“Ours is the grandest sport. It is an intriguing battle of wits between an angler and a trout; and in addition to appreciating the tradition and grace of the game, we play it in the magnificent out-of-doors.”
– Ernest G. Schwiebert Jr.
What makes our sport truly grand is the community of anglers from around the world who desire to learn and share to best way to outwit fish, and at the same time, to protect those magnificent places in which we pursue them. Celebrate the tradition and grace of the game by visiting local fly shops often and by joining and contributing to clubs and conservation groups. This is certainly a tradition worth preserving.
As the days get shorter and with cooler weather on the horizon, there is no need to go early to the Creek anymore. On the warm days you may still see a few Tricos and Baetis along with Callibaetis spinners around 11 AM, but the best action has shifted to the afternoons with a decent Callibaetis emergence and spinner fall. Have a good assortment of Harrop’s Callibaetis patterns in all phases of this insect’s life from emergers, to duns, and spinners. The Callibaetis are small this time of year so look for patterns in size 18 and 20 to work best. If the wind blows, and it almost always does, have some Callibaetis Hackle Stackers with trailing shucks as well. Of course, hoppers, beetles, and ants should always be in your box this time of year. It will not be long before we start seeing some Mahogany Duns as well. This bug indicates that fall has arrived and winter is just around the corner. Once they show up, the fish really key in on them so be sure to have several in your box.
THE BIG WOOD
The Wood is fishing very well throughout the middle of the day. The flows are still higher than average, so wade with caution. As the weather turns cooler this week it may trigger the Hecuba (aka Red Quill) hatch. This is the last big hatch of the year, and the fish love them. Your Green Drake flies, Parachute Hare’s Ear, or even Para-hoppers in a size 12 will work as imitations for this fly. The other mayfly of fall will also gain momentum… Baetis. Be sure to have flies you can see well in the shallow riffles and afternoon glare. I recommend olive Gulper Specials with an orange high-vis post. Hoppers and ants are also working very well. During slow times, try trailing a small size 16 or 18 Zebra Midge in red or black, a pheasant tail, Bishop’s Dynamite, or Rainbow Warrior behind a hopper.
WARM SPRINGS & TRAIL CREEK
These beautiful tributaries continue to fish well and are a great alternate to the heavy wading on the Wood. There are plenty of stocked fish around the bridges and if you want to find some quality wild fish, just keep moving away from the easy road access. Expect to see hoppers, Hecubas, and caddis throughout the day.
THE UPPER LOST
Like the Wood, there may be a few Red Quills fluttering about now that the days are getting cooler. The strategy for success remains the same; cover a lot of water and you will find fish. As always, make your first presentations count, as these fish will feed opportunistically at first and then are hard to fool again. For searching, try a Para Hopper (good for the Hecuba as well), a flying ant, or an Elk Hair Caddis in size 14, 12 or 10 with a small trailing Zebra Midge, Bishop’s Dynamite, or Rainbow Warrior.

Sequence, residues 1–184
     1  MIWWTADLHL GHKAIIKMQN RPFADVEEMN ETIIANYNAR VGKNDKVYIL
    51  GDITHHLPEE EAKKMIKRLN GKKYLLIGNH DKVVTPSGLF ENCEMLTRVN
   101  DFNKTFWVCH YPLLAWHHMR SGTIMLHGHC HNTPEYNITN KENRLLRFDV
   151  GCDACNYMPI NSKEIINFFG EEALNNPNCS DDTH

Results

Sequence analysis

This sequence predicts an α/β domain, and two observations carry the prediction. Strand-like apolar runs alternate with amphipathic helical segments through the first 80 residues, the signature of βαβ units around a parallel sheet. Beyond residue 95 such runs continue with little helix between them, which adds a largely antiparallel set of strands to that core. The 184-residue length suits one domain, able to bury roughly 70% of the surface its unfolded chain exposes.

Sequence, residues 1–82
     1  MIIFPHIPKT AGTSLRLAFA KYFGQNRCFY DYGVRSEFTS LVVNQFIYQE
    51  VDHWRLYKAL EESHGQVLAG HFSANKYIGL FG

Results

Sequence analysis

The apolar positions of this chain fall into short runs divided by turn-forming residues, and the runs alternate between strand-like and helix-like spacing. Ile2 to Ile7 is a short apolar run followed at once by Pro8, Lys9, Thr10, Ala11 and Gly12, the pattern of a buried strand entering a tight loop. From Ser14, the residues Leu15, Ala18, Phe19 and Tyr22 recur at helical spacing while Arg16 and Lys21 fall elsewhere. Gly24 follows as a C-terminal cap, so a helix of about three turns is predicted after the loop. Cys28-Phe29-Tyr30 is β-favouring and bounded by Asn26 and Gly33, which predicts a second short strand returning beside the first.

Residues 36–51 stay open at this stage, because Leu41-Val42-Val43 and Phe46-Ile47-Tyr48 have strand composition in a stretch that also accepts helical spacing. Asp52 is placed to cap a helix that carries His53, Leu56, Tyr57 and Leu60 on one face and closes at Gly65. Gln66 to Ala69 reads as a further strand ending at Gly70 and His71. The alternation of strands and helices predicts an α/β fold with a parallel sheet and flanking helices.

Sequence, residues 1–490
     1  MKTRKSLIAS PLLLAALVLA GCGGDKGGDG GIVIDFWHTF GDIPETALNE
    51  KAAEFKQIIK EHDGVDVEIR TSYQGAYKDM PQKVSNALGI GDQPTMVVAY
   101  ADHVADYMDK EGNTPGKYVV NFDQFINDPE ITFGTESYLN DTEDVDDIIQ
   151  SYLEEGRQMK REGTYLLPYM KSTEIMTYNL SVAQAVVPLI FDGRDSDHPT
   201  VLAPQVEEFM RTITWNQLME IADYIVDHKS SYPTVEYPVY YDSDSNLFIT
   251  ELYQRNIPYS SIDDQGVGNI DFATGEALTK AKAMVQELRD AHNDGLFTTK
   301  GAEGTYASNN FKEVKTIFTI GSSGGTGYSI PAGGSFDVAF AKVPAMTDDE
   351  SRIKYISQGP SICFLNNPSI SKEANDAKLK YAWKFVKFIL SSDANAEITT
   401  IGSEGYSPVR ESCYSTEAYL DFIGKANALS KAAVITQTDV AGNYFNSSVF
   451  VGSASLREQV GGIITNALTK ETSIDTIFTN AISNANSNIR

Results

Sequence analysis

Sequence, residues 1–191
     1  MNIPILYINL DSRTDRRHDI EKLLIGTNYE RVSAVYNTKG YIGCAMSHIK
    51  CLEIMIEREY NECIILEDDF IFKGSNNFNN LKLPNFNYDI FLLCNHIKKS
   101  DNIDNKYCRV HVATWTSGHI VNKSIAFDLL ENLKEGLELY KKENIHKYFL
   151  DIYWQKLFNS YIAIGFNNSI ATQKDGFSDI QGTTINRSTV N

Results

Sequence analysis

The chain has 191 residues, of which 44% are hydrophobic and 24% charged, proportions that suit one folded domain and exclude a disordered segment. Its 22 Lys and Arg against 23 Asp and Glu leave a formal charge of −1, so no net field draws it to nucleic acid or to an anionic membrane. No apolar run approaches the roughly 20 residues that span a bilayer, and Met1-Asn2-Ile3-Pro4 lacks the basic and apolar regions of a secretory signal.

THE LOST BELOW MACKAY
The flows are holding at 338 CFS which is a very good flow for fishing, even though the wading remains a bit tough. Keep in mind that the best fishing is in the late morning into the afternoon and then it can dramatically slow down. The Tricos have peaked on the Lost and are on there way out, but the Baetis remain very strong. The challenge remains finding consistently rising fish. When you do find them, be sure to have a good selection of Baetis emergers, duns, and spinners in size 22 and 24. Nymphing is always productive. Try beaded Pheasant Tail nymphs, Zebra midge, Rainbow Warriors, or Bishop’s Dynamites either Euro style or dry dropper.
With a nip to the morning air, there is no reason to start too early. But as the air temps rise and the sun warms the water, the fishing can still be quite good. There can be a decent October Caddis hatch this time of year and size 12 or 14 Orange Stimulators match this hatch well. For the best results, focus your attention on the riffles leading into the long runs with double nymph rigs and dry dropper rigs. For dries try Orange Stimulators, hoppers, ants, caddis, or other high floating easy to see attractors. For nymphs try small rubber legged stones, Bishop’s Dynamite, Rainbow Warriors, or any other beaded size 14 or 16 nymph.
SOUTH FORK OF THE BOISE
With the lower flows (600 CFS) wade fishermen are free to move about the river. There are still a few Pinks and Flavs around in the afternoon, but the best fishing has been with hoppers and small crane flies. Don’t expect to catch a lot of fish when fishing dries, but the quality has been exceptional. If you desire to keep your rod bent, there are plenty of eager whitefish willing to take a bright colored beaded nymph. Of course, you will always pick up a few trout nymphing as well.
Lake Creek, Penny Lake, or Gaver’s Lagoon have been stocked and will receive regular stockings throughout the summer season. Whatever style of fishing you want to do, we are your headquarters. So drop on by before you take your family fishing and we will make sure you have the right gear to be successful.
South Fork of the Boise
The Big Wood